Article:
43 Thus the Lord gave to Israel all the land that he swore to give to their fathers. And they took possession of it, and they settled there. 44 And the Lord gave them rest on every side just as he had sworn to their fathers. Not one of all their enemies had withstood them, for the Lord had given all their enemies into their hands. 45 Not one word of all the good promises that the Lord had made to the house of Israel had failed; all came to pass.
In these texts, “rest” obviously is not a synonym for “do nothing.” On the contrary, it seems to refer to peace and to a life oriented to God’s good person and will for creation and humanity. In these passages in particular, it refers to God’s protection of his people in the land of promise as they walk in obedience with Him. On the meaning of “rest,” Walton writes:
When God tells the Israelites that he is going to give them rest (nwḥ) from their enemies (Deut 12:10; Josh 1:13; 21:44; 2 Sam 7:1; 1 Kings 5:4), he is not talking about sleep, relaxation or leisure time. The rest that he offers his people refers to freedom from invasion and conflict so that they can live at peace and conduct their daily lives without interruption. It refers to achieving a state of order in society. Such rest is the goal of all the ordering activities that the Israelites are undertaking to secure their place in the land…[W]e can discern that resting pertains to the security and stability found in the equilibrium of an ordered system.
For us, the Sabbath becomes the weekly reminder that we have been created by God, for God, to live with God. To “rest” is to live in conformity and harmony with God’s own good intention for us and the “equilibrium” of the “ordered system” He intends for us!
But there is more. The seventh day has the distinction of being the only day of creation that does not have a concluding formula on it that signifies the closing of the day. R. R. Reno put it nicely when he wrote:
The account of the seventh day does not end with the formula “and there was evening and there was morning.” The new “work” of rest takes place on a day that has a beginning, but no ending. The seventh day, it seems, stretches forward and beyond the counting of days. In this sense, the seven-day account of Gen. 1 does not simply provide us with a beginning. It extends to the end of the ages. The seventh day contains within itself the fullness of time. Creation is finished, but the story of God’s strategy for blessing and sanctifying still needs to be told. The entire sweep of scripture from this point onward tells us what happens so that the seventh day can be brought to completion…In the end, all that was created joins God on the seventh day…The seventh day gives creation its future.
The seventh day is not closed!The sabbath rest of God has entered creation and we are called not merely to a weekly observance of this fact but to a life lived within and oriented to it. God rests, the house becomes a home, the temple of creation is hallowed, and we are invited to live in the victory and joy and peace of God!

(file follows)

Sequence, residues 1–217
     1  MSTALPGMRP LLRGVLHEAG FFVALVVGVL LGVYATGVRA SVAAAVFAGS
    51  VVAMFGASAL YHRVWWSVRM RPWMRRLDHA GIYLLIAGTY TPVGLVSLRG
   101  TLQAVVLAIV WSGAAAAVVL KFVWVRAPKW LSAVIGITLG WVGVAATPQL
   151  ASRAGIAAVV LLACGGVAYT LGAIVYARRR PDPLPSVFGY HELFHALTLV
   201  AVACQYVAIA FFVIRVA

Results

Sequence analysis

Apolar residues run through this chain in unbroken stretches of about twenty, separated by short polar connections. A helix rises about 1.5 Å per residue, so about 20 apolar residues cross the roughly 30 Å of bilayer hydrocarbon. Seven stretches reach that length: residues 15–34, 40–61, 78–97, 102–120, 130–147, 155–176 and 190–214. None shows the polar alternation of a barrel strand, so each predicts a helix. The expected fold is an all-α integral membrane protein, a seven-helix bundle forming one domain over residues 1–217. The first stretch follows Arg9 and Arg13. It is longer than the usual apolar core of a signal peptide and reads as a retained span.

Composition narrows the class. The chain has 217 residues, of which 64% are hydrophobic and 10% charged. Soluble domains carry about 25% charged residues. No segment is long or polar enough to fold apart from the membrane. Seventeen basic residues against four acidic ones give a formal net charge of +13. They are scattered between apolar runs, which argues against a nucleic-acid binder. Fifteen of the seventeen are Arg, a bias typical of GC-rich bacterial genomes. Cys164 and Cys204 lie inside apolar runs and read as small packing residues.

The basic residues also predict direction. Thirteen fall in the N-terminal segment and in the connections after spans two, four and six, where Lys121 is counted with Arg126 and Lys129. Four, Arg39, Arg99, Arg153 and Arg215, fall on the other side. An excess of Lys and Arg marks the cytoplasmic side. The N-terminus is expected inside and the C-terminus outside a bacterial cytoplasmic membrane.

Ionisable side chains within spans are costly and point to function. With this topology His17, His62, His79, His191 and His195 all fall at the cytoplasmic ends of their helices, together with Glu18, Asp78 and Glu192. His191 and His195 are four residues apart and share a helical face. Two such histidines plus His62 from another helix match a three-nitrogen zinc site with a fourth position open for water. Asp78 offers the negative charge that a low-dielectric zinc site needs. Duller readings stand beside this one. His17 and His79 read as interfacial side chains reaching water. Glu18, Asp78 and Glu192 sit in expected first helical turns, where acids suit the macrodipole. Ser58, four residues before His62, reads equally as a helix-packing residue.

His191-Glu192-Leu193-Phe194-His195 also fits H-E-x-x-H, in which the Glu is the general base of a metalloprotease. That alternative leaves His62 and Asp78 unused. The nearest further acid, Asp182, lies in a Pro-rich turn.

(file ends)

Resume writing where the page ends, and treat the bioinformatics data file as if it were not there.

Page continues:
But, of course, victory and joy and peace do not make up what we see around or within us today, do they? Nobody watches the news today and says, “Well, it looks like victory, joy, and peace are ruling the day!” Far from it! This is because Adam and Even fell and we fell with them. They fell, and we have continued the fall of humanity with our own willing falls every day. The Sabbath rest offered by God to humanity has been rejected for the exhaustionof sin. And sin is indeed exhausting, is it not?
We need rest.
God offers rest.
But we choose the exhaustion and death of sin.
But God has now made a way for us to enter into His rest. God has now made a way! Perhaps now these famous words of Jesus from Matthew 11 make even more sense. Listen:
28 Come to me, all who labor and are heavy laden, and I will give you rest. 29 Take my yoke upon you, and learn from me, for I am gentle and lowly in heart, and you will find rest for your souls. 30 For my yoke is easy, and my burden is light.
Jesus gives us rest! Jesus reestablishes the Sabbath! Jesus brings back into the peace and order and joy of God. And this leads us to our final point.
The seventh day finds its renewal and fulfillment in Jesus.
If the seventh day is the Sabbath day and if the Sabbath day is the day in which creation is consecrated by God’s rest and we are brought time and time again into an intentional reorientation of our lives Godward, then why do we worship on Sunday?To answer this question we must understand how the Sabbath finds its renewal and fulfillment in Jesus. And to reach this understanding we should understand the astonishing scene that unfolds in the beginning of Matthew 12. In this scene, Jesus is responding to those who criticized His disciples for their eating of heads of grain on the Sabbath.
3 He said to them, “Have you not read what David did when he was hungry, and those who were with him: 4 how he entered the house of God and ate the bread of the Presence, which it was not lawful for him to eat nor for those who were with him, but only for the priests? 5 Or have you not read in the Law how on the Sabbath the priests in the temple profane the Sabbath and are guiltless? 6 I tell you, something greater than the temple is here. 7 And if you had known what this means, ‘I desire mercy, and not sacrifice,’ you would not have condemned the guiltless. 8 For the Son of Man is lord of the Sabbath.”